Wednesday, March 7, 2012

My Bolivia, Part Two

Cochabamba is where my father was born, while my mother is from Oruro, the land of the Carnavál!  I have only visited Oruro once, when I was just 2½ years old, so as you can imagine the few memories I have of it are quite fuzzy.  But Cochabamba.. ahhhhhh, this is where a huge part of my heart lives to this very day.
Visiting Cochabamba in 1993 was the best thing I could have done (thanks, Mom and Dad!) and it gave me the chance to spend a lot of time with my two brothers in a different way than we did at home in the USA.  But more than just having a wonderful time, my MS went into remission the moment we arrived at Cochabamba's airport and this was a miracle in itself.
Picture I took of Cochabamba in June, 1993
My brothers and I stayed with our mom's mom, our Abuelita (grandma in Spanish), and that first evening my brothers had seen on television that there would be a "peña" the following day.  A peña is a sort of concert that features more than one Bolivian folkloric group and I must admit that I was not too excited at the idea of going but the truth is that it beat spending the evening at home with our Abuelita, so I agreed to go with them.. and it was an event that would change my life.  

Until that point I wasn't too keen on Bolivian music, mostly because the only time I had heard this type of music had been from hearing old records my parents had and they were not the best quality, so this is what I was expecting to hear.  Wow, was I ever wrong!  This peña featured four groups but the only one that stood out to me was the second one, Fortaleza.  I fell in love with the music in an instant and returned the following day, with my brothers, for the last day of the peña.  We were fortunate enough to meet that particular group, sat together and shared some drinks and laughs once their "set" was over and became very good friends.
Fortaleza performing, June 26, 1993
It's amazing to me how, in accepting and loving Bolivian music, my entire view of my culture changed and grew to heights I never imagined.  It was as if an entire new world opened up to me the moment I heard Fortaleza play their music, but to be honest it was one song in particular that did it for me and to this day, it remains my favorite song.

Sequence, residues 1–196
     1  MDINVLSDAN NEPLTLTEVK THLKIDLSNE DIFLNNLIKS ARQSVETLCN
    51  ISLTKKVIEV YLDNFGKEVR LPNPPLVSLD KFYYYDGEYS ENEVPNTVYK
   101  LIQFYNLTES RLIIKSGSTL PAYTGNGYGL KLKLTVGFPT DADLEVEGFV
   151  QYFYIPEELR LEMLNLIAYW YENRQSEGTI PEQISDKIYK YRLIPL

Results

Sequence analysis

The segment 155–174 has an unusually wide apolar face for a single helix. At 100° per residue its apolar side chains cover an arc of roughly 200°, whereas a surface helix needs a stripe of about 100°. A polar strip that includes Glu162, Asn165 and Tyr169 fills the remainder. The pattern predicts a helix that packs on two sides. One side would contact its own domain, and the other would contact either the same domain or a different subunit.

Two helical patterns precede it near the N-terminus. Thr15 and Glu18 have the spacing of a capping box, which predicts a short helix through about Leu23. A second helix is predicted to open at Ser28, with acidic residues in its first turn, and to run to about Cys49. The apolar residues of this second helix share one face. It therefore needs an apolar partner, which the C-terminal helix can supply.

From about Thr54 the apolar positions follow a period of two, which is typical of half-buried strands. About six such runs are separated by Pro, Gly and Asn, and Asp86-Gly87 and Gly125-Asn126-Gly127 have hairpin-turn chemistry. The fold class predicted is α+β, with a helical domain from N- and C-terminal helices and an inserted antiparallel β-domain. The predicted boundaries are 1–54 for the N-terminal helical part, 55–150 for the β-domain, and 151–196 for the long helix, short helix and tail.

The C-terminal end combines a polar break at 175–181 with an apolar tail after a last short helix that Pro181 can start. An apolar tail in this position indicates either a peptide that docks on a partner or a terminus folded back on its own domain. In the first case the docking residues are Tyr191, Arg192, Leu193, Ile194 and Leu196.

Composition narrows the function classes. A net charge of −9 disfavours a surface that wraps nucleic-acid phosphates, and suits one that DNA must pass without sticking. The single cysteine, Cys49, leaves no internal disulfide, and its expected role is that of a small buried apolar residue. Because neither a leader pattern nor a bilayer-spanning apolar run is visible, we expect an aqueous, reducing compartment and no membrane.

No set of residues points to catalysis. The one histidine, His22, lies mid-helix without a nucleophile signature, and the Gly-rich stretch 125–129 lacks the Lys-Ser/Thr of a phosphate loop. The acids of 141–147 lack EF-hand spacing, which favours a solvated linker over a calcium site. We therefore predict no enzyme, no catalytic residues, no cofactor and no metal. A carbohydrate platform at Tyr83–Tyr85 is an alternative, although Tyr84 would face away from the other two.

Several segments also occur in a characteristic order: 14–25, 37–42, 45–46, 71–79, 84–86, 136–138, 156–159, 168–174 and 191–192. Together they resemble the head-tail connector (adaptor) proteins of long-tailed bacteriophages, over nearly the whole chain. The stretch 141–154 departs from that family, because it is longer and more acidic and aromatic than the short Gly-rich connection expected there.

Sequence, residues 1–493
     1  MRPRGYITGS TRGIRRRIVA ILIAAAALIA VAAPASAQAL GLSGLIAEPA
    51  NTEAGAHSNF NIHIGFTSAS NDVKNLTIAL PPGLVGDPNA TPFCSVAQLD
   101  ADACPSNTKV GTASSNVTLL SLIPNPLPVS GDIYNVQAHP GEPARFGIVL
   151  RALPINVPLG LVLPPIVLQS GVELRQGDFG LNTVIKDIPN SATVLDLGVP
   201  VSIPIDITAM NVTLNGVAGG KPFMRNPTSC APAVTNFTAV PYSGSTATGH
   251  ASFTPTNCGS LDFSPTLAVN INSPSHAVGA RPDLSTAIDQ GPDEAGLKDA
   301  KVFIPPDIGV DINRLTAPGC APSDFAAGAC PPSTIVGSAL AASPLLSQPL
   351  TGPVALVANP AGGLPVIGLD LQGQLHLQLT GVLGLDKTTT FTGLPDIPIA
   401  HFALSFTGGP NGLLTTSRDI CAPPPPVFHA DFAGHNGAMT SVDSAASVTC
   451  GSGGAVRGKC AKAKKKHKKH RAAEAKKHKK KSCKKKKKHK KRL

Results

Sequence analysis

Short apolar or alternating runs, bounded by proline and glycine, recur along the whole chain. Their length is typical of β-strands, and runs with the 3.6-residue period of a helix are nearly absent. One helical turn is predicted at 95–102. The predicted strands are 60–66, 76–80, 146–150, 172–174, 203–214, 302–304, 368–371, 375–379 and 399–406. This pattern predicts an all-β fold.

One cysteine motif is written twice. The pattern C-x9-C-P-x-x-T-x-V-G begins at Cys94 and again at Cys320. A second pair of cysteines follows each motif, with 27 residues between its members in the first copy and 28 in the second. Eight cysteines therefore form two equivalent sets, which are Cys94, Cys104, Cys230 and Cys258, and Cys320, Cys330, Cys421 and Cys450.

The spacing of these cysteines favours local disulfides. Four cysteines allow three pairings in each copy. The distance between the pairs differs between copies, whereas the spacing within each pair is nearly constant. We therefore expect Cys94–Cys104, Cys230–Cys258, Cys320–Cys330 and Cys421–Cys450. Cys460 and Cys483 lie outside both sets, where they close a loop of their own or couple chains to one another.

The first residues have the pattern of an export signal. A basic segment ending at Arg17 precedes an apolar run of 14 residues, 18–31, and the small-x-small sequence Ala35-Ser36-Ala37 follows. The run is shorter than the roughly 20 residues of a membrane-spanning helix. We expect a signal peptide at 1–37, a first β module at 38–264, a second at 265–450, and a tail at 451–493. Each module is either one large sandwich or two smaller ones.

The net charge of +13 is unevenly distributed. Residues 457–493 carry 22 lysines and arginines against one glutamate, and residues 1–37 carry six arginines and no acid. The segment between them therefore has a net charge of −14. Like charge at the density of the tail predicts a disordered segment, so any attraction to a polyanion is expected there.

I'm not sure how to post a video to my blog, but I encourage everyone to go to youtube and watch this vid!  Yes, it's a very simple video but the song is incredibly beautiful as it's my absolute favorite and the one that began my love affair with Bolivian music. 

Aside from falling in love with an entire new genre of music, I began to see Bolivia in a whole new light.  The people now held a certain charm that they hadn't before and even the food tasted that much better.  My brothers and I were meeting new people, making friends and were accepted everywhere we went, which isn't always easy when you are taller, speak Spanish with a slight American or "gringo" accent and weigh a bit more, or at least I did and still do.

Then we were invited by one of the members of Fortaleza to the small village of Anzaldo, a few hours away, for a fiesta one weekend.  Neither of my brothers chose to go but I jumped at the chance to spend time with my new friends, assuming that the fiesta (which means party) was for one evening.  Little did I know it would last from Saturday morning all the way through Monday afternoon!  Had I known how long it would last I probably would not have gone, but I would have missed out on one of the most memorable weekends of my life.
A breakfast serenade with Boris, Nelson and Ramiro.  July 1993
I learned that commodities, such as more than one working toilet in an entire village, a bed and not eating for three days, aren't as crucial as one may think.  I was high on life and drank it in for all it was worth.  Being that I get sick to my stomach very easily, I chose to "fast" while there but didn't miss out on the enjoyment.  How could I not have fun?  I was surrounded by four of the six men from Fortaleza who made the trip, who insisted on serenading me each morning as we sat around the breakfast table and pretty much sang and played their music everywhere they went.  I tried "chicha" for the first and LAST time, although I'm sure some of you would have enjoyed it.  For me, just the thought that this alcoholic beverage was made of fermented corn and smelled worse than a pair of smelly gym socks was enough to turn me off from having more than just one sip, even though it is considered tremendously rude to refuse food or drink when someone offers it to you.  I tried it.. that was enough for me!

1993 was a fantastic time in Cochabamba for me.  It was spent mostly with friends I made while there but I did have time with family, too.  The aunts, uncles and countless cousins we have there bring a smile to my face just to remember the moments we were together.  But this vacation wasn't mine alone.. it was one I shared with my brothers but the next time I was there, in 1996, ahh, THAT one was all about me.
Younger brother Gonzalo, cousin Claudia and older brother Fernando.  June 1993

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